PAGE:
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Perspective — the first gift of the sea

Before we left home for our trek to the beach, I wondered if I could leave all my duties and responsibilities undone for a week.

A miraculous thing always happens when we arrive in Avon, North Carolina.

My memory gets wiped clean.

I can’t remember what I had to do that was so important it couldn’t wait.

As I sit on the deck, mesmerized by the ocean, I try to remember.

What were those things I thought I couldn’t leave undone?

Perspective is one of the gifts of the sea, I think. 

The first book I brought to our new beach house was Anne Morrow Lindbergh’s Gift from the Sea, the 50th anniversary edition.

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In the first chapter, she wrote, “The beach is not the place to work; to read, write or think. I should have remembered that from other years. Too warm, too damp, too soft for any real mental discipline or sharp flights of spirit. One never learns. Hopefully, one carries down the faded straw bag, lumpy with books,  clean paper, long over-due unanswered letters, freshly sharpened pencils, lists, and good intentions. The books remain unread, the pencils break their points and the pads rest smooth and unblemished as the cloudless sky. No reading, no writing, no thoughts even — at least not at first.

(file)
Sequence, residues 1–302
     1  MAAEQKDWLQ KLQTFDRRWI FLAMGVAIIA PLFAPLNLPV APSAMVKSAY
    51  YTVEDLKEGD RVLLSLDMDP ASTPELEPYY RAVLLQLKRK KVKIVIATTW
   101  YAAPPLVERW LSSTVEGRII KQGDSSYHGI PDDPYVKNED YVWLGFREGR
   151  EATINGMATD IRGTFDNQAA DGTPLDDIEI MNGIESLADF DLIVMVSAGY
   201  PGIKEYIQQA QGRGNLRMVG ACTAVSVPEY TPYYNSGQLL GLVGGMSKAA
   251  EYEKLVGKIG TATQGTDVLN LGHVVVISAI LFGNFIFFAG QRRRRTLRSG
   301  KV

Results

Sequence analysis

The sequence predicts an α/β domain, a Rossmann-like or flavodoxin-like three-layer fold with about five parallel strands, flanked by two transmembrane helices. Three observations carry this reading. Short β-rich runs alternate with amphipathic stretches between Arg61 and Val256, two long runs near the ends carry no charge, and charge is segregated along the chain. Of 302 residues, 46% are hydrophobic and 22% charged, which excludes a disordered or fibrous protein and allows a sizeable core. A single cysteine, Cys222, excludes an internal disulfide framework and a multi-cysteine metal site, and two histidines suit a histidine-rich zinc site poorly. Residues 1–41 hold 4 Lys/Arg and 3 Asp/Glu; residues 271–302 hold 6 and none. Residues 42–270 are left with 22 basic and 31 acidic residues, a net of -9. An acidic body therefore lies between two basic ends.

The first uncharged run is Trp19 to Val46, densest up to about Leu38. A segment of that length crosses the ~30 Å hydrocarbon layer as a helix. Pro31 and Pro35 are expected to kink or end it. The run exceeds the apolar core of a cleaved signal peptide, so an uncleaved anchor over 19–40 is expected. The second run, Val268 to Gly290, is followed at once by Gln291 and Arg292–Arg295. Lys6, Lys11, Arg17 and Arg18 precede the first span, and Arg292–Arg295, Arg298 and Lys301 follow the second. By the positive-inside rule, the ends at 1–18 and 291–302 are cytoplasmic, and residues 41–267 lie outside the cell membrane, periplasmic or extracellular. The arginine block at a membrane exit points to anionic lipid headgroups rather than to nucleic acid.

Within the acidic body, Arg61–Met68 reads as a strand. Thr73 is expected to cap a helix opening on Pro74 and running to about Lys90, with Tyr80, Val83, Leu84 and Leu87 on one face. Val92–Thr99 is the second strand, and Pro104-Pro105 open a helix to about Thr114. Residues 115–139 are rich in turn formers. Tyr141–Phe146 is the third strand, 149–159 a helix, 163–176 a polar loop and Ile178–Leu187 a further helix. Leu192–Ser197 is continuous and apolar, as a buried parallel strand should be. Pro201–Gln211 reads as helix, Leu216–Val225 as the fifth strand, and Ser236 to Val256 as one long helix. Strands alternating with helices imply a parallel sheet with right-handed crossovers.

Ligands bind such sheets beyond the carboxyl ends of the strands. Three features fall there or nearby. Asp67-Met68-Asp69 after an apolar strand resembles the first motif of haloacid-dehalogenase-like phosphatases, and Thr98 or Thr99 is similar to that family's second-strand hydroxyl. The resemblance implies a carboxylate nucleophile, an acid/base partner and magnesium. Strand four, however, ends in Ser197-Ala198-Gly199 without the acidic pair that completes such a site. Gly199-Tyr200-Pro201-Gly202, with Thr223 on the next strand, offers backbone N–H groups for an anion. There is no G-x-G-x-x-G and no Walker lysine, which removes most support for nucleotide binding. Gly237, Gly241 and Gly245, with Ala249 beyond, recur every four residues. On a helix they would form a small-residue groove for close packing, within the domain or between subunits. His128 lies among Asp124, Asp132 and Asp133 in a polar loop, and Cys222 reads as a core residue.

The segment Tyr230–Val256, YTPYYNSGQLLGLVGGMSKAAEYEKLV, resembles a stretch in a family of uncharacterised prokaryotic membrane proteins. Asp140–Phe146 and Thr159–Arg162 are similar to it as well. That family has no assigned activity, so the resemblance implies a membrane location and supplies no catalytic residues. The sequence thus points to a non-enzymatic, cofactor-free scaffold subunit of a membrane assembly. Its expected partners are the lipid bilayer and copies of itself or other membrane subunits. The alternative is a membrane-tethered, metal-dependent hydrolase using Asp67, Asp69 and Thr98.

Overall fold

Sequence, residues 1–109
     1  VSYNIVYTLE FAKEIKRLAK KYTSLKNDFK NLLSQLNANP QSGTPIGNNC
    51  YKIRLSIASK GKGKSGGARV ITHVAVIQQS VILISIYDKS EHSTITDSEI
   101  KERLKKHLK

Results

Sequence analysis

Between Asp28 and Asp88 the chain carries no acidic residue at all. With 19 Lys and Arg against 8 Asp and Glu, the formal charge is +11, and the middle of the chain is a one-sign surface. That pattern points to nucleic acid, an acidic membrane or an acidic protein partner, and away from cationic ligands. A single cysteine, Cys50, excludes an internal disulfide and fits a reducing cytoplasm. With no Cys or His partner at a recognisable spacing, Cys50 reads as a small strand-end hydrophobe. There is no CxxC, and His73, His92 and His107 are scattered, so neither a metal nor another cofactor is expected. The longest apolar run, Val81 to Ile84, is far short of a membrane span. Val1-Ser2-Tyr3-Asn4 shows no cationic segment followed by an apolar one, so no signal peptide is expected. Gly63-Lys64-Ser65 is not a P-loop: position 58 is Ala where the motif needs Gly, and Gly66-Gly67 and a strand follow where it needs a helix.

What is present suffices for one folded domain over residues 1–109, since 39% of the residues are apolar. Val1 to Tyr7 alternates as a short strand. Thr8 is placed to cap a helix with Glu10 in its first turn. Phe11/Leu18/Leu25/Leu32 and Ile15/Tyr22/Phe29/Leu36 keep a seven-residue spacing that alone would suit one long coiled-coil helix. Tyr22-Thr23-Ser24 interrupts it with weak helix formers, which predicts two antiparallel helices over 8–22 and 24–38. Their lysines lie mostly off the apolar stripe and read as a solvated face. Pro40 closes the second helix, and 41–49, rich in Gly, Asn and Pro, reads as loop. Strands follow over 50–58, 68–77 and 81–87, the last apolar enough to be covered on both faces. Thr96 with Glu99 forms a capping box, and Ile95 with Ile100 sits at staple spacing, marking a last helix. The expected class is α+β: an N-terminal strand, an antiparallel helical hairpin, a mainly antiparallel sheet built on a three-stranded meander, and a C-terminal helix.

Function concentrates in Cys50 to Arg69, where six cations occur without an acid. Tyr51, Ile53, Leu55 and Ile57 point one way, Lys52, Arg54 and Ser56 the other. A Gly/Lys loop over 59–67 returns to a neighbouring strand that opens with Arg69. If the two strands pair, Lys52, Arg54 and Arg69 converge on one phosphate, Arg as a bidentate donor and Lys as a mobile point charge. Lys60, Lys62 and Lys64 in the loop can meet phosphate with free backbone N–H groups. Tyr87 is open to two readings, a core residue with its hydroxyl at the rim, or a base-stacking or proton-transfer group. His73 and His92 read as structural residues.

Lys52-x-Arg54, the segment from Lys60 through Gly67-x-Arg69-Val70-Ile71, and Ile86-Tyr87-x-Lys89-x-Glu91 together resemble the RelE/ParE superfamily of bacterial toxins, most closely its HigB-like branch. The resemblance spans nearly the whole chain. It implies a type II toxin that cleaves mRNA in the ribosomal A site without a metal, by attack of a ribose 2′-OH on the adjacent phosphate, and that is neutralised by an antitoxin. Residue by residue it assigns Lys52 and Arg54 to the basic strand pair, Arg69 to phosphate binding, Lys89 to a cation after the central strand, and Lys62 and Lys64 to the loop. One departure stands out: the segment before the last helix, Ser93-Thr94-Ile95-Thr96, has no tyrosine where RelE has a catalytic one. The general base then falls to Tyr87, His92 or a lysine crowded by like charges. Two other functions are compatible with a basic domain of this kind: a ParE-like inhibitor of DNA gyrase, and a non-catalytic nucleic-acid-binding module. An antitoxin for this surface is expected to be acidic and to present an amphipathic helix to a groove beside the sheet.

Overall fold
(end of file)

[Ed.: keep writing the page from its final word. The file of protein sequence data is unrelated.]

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“At first, the tired body takes over completely. As on shipboard, one descends into a deck-chair apathy. One is forced against one’s mind, against all tidy resolutions, back into the primeval rhythms of the seashore. Rollers on the beach, wind in the pines, the slow flapping of herons across sand dunes, drown out the hectic rhythms of city and suburb, time tables and schedules. One falls under their spell, relaxes, and stretches out prone. One becomes, in fact, like the element on which one lies, flattened by the sea; bare, open, empty as the beach, erased by today’s tides of all yesterday’s scribblings.